4. Choosing the wrong bronzer
“Some bronzers are warmer, some a little cooler and some shimmery, while some are more matte, or matte with a hint of shimmer,” explains Lucoh. “I’ve seen over-use of shimmer bronzer which gives the skin a disco-ball effect.”
“I advise women to use a more matte bronzer on the perimeters of the face which warms up the complexion, and shimmer bronzers on the high points of face which attracts light and gives the skin a healthy glow,” advises Lucoh.
A good tip is to set your foundation with translucent powder before applying a browzer. “The darker pigment of the bronzer may catch on certain areas,” says David, “creating unwanted shadows and resulting in a heavy appearance. Using a powder to set your moisturizer or foundation will prevent this and allow for even distribution of the bronzer’s darker pigment.”
5. Harsh contouring
“One of the trends I’ve been seeing recently is that of very hard contouring,” says Lucoh, “such as creating two lines on the sides of the nose without blending, or a line from the ear to the corner of the mouth with little blending to contour the cheekbones.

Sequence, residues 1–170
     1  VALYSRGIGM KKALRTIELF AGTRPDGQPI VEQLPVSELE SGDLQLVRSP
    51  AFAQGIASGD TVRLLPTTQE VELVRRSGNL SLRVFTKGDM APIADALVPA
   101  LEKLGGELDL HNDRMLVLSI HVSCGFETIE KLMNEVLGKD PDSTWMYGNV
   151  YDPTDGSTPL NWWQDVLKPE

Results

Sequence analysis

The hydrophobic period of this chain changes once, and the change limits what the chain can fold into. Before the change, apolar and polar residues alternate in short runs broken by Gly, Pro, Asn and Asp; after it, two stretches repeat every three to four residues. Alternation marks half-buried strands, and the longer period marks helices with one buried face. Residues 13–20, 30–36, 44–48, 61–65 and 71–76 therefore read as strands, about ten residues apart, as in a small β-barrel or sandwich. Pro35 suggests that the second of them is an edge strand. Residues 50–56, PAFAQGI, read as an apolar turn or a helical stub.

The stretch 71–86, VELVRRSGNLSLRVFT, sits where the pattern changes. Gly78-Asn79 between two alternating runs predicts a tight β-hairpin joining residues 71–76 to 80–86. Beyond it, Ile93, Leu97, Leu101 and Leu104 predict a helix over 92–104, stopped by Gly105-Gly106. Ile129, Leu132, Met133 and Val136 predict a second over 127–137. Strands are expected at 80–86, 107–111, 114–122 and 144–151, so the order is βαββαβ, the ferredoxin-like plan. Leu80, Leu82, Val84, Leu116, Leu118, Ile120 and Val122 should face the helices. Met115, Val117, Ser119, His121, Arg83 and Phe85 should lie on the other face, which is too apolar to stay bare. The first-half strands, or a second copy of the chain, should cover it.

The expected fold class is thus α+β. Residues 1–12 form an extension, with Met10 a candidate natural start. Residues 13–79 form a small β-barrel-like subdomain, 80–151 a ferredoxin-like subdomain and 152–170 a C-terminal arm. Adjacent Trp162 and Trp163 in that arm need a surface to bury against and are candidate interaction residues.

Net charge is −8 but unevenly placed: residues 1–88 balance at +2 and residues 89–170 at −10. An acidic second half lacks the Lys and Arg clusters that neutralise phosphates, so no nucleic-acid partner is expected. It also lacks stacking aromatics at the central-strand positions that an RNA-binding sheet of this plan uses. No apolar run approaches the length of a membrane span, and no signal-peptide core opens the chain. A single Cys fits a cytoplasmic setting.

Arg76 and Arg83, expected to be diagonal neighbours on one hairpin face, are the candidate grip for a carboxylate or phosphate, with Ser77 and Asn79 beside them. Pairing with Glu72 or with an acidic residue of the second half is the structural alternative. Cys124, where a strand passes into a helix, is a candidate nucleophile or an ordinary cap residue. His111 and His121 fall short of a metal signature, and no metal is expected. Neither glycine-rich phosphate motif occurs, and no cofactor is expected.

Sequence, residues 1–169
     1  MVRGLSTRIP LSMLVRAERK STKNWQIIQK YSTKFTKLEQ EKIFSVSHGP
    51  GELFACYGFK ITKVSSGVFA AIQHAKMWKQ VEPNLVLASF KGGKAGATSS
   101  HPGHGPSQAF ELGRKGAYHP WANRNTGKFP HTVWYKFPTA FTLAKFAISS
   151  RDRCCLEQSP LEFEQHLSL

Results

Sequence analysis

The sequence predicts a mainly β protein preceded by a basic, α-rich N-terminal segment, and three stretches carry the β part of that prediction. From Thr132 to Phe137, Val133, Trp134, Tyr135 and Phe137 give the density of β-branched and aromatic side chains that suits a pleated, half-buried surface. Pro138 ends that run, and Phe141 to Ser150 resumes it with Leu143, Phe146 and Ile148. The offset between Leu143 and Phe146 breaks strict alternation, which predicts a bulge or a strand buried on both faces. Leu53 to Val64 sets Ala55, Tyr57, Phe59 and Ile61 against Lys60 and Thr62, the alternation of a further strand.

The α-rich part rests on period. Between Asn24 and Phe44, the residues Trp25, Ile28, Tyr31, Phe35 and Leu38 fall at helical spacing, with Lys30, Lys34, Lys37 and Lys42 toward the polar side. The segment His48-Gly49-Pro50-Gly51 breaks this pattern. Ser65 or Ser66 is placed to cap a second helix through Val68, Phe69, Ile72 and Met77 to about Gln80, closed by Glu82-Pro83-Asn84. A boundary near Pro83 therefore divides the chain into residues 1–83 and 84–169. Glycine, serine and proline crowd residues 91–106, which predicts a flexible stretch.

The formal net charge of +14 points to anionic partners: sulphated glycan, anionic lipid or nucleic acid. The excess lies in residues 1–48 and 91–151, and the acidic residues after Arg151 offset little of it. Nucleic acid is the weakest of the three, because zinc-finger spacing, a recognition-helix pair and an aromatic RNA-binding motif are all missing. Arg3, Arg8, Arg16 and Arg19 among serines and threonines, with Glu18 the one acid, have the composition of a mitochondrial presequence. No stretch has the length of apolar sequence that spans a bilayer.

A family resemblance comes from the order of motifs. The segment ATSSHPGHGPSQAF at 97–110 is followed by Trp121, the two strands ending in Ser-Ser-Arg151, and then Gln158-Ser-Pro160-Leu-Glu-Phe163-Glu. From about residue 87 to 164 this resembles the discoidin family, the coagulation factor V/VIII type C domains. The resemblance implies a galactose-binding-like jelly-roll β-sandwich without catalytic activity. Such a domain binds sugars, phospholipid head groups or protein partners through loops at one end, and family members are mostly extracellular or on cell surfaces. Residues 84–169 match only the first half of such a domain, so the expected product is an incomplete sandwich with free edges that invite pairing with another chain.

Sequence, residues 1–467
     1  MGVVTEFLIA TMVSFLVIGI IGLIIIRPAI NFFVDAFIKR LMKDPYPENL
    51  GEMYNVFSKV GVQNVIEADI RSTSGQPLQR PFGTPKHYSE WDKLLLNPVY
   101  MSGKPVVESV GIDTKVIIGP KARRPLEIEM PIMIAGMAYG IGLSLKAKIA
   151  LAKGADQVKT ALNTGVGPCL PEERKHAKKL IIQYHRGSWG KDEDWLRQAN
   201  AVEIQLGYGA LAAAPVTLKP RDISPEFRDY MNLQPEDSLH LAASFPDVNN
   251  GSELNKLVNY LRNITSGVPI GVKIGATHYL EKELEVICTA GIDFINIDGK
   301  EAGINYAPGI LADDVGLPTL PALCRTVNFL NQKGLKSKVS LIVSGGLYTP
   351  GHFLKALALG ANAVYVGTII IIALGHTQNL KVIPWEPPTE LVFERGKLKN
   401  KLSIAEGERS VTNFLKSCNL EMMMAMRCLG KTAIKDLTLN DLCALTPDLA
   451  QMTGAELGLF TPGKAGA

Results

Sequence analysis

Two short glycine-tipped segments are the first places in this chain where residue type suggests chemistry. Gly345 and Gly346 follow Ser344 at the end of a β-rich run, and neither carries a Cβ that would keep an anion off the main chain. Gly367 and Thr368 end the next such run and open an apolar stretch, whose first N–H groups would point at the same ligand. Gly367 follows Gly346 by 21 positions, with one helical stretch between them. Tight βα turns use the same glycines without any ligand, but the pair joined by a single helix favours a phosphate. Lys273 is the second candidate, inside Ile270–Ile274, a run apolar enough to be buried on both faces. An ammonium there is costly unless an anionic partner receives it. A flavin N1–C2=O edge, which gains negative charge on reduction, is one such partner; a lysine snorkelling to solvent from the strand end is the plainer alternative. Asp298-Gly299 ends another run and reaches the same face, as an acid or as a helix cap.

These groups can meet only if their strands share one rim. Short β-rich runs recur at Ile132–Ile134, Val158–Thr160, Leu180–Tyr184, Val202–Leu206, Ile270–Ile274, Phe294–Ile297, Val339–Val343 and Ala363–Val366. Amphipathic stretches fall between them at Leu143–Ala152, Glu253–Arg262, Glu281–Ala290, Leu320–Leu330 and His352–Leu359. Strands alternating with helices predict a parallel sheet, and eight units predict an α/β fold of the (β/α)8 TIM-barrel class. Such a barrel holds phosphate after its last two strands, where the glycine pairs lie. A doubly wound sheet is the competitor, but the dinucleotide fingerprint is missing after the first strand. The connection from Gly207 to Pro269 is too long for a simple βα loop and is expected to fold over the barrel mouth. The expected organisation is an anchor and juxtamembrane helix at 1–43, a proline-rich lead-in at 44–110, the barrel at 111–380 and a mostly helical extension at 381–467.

“It’s so important to properly blend your products in order to achieve a seamless, believable look,” explains Lucoh. “Also bear in mind that the most natural contour travels around the outer edges of the face as well. In that way it looks connected, as if it belongs to you. I also suggest building the contour gradually instead of making it super defined and chiseled.”
6. Heavy eyeliner
Avoid a heavy eyeliner along the bottom lash. “A very heavy black line under the eye droops the eye, accentuating shadows and creating a tired, aged appearance,” says David
“Apply liner on the top eyelid, close to the base of the lash-line,” advises David. “Blend this with a mono eyeshadow in a near-black shade. You can also apply some shadow on the outer part of the lower lash-line for a lifted, fresh and clean eye look.”
7. Skipping your eyeshadow primer
Eyeshadow primer might sound like an unnecessary extra step but a good product will prevent creasing, improve pigment quality, and prevent fading.
“Eyeshadow primer is the only solution for fading and creasing eyeshadow,” says Zipho. “A good-quality eyeshadow primer will absorb oils sitting on the surface of your lids and create a perfectly-matte skin surface. This will assist in extended eyeshadow wear.”